# Graphing Continuous Data

If we consider just looking at continuous variables we become interested in understanding the distribution that this data takes on. We will explore continuous data using:

`geom_histogram()` shows us the distribution of one variable.

`geom_freqplot` uses lines rather than boxes to show the distribution.

### Histograms

Another very common graphic that most people have seen and used is the histogram. This is common among continuous data where the data is split up into bins and the frequency of those bins is displayed. They are not to be confused with bar charts though! There are no gaps in a histogram. We can add a histogram layer simply by using the `geom_histogram()`, if we would like to specify the width of bins we can do that by using `binwidth=__`:

``````ggplot(data, aes(dep_delay)) +
geom_histogram(binwidth=25)
ggplot(data, aes( dep_delay)) +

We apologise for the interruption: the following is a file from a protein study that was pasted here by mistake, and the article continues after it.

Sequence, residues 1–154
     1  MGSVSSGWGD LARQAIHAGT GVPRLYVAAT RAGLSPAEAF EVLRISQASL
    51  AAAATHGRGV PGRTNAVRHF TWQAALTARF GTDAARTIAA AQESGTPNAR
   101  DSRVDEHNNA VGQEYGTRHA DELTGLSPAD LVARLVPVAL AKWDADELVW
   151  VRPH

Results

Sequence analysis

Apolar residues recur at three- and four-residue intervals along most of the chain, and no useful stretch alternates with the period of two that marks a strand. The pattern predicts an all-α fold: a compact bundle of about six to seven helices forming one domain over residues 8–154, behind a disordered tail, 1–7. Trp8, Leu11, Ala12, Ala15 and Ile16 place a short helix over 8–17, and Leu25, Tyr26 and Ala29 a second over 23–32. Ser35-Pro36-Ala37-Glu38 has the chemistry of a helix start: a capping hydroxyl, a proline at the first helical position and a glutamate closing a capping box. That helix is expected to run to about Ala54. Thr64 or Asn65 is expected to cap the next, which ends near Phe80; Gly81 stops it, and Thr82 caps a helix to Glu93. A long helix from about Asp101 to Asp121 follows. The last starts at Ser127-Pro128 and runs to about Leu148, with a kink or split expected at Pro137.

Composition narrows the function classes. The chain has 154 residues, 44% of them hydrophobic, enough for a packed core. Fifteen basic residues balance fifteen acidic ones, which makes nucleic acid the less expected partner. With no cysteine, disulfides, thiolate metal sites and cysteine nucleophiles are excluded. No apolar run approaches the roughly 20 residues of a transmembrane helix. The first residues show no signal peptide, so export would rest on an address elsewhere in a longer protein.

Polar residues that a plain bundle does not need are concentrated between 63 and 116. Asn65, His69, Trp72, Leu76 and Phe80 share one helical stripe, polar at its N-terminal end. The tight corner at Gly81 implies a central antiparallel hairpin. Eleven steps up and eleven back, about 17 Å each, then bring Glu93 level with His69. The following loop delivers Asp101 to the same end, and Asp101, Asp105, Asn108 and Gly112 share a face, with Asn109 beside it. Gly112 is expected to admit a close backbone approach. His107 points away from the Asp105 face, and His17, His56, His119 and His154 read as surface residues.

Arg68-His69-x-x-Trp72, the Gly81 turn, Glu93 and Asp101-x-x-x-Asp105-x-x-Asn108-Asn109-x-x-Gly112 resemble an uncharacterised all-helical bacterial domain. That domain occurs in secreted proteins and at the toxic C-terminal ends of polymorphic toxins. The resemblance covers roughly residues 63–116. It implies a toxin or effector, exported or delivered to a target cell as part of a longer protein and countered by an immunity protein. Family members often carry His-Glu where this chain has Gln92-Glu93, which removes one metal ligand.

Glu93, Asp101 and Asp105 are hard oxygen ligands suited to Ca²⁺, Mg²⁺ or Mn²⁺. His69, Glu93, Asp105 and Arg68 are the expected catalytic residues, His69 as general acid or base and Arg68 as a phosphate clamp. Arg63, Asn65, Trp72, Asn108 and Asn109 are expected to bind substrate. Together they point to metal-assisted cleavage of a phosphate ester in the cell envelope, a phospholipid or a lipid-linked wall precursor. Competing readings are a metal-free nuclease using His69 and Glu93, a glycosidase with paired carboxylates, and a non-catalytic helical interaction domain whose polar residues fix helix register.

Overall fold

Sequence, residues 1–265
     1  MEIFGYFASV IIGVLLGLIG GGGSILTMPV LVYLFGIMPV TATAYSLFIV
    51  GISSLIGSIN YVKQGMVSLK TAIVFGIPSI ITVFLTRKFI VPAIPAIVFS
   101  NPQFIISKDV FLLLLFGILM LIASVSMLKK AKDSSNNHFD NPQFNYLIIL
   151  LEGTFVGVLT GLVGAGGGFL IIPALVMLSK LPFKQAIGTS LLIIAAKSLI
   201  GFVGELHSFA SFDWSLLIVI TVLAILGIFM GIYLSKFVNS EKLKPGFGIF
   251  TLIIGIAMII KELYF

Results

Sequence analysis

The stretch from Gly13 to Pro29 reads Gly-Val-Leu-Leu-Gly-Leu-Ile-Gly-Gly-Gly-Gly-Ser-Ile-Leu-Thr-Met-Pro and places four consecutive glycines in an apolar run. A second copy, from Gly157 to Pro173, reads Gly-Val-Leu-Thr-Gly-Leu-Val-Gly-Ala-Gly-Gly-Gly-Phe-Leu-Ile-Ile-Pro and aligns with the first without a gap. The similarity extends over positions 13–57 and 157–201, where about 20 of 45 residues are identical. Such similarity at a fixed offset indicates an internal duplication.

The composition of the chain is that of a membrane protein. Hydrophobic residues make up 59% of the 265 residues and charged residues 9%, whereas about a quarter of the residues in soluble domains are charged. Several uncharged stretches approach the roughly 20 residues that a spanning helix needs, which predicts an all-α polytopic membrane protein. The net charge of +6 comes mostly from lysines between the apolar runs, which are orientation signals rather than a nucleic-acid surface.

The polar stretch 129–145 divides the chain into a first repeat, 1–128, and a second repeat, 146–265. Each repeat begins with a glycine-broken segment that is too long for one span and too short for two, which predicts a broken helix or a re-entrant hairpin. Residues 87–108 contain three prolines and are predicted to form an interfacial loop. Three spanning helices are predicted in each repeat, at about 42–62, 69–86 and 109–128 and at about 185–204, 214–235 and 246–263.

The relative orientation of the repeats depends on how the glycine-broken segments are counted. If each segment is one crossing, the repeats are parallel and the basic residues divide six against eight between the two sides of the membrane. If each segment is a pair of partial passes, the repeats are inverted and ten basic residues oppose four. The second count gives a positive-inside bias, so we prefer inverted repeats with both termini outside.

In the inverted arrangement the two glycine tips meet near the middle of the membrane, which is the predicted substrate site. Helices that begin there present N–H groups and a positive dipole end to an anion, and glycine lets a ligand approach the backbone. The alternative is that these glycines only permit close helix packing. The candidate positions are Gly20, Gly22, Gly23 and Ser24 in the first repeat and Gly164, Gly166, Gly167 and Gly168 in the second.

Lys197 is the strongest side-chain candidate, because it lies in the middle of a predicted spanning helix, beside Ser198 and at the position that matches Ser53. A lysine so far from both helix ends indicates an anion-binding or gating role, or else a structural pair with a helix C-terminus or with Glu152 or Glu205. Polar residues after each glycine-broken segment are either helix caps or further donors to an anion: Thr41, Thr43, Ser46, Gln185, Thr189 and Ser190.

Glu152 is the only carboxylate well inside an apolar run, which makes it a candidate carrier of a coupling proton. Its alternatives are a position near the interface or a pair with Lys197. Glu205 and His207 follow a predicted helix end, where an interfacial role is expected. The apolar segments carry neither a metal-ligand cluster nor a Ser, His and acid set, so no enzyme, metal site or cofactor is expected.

geom_histogram(binwidth=1)``````

We can see that if we use he first part of the code that we have a bin width of 25: If we wanted to allow for more preciseness then we could use the bin width of 1: ### Frequency Plots

Frequency plots are very similar to histograms. Instead of just having bars to display the frequency in a bin, the frequency plot would place a point at the height of the bar and then connect them with lines. We can simply add this with the `geom_freqpoly()` layer. We again can use the `binwidth=__` command:

``````ggplot(data, aes(dep_delay)) +
geom_freqpoly(binwidth=25)
ggplot(data, aes( dep_delay)) +
geom_freqpoly(binwidth=1)``````

With the bin width of 25 we can see the frequency plot for this: We can also use a more precise bin width. Just like in the earlier part of this unit we saw that it was possible to add a great deal of aesthetics to plots. We will now view how these changes work on these `geom_` functions:

``````ggplot(data, aes(dep_delay, color=carrier)) +
geom_freqpoly(binwidth=25)``````

If we add grouping color by carrier we can see the plot below. Notice that we now have multiple frequency plots without having to use faceting. Instead of just coloring the lines, we can use the `fill=__` function in order to fill a color by carrier in this case. Then we create histograms and finally in order to separate the plots out so we can see things better we use facetting:

``````ggplot(data, aes( dep_delay, fill = carrier)) +
geom_histogram(binwidth=20) +
facet_wrap(~carrier)``````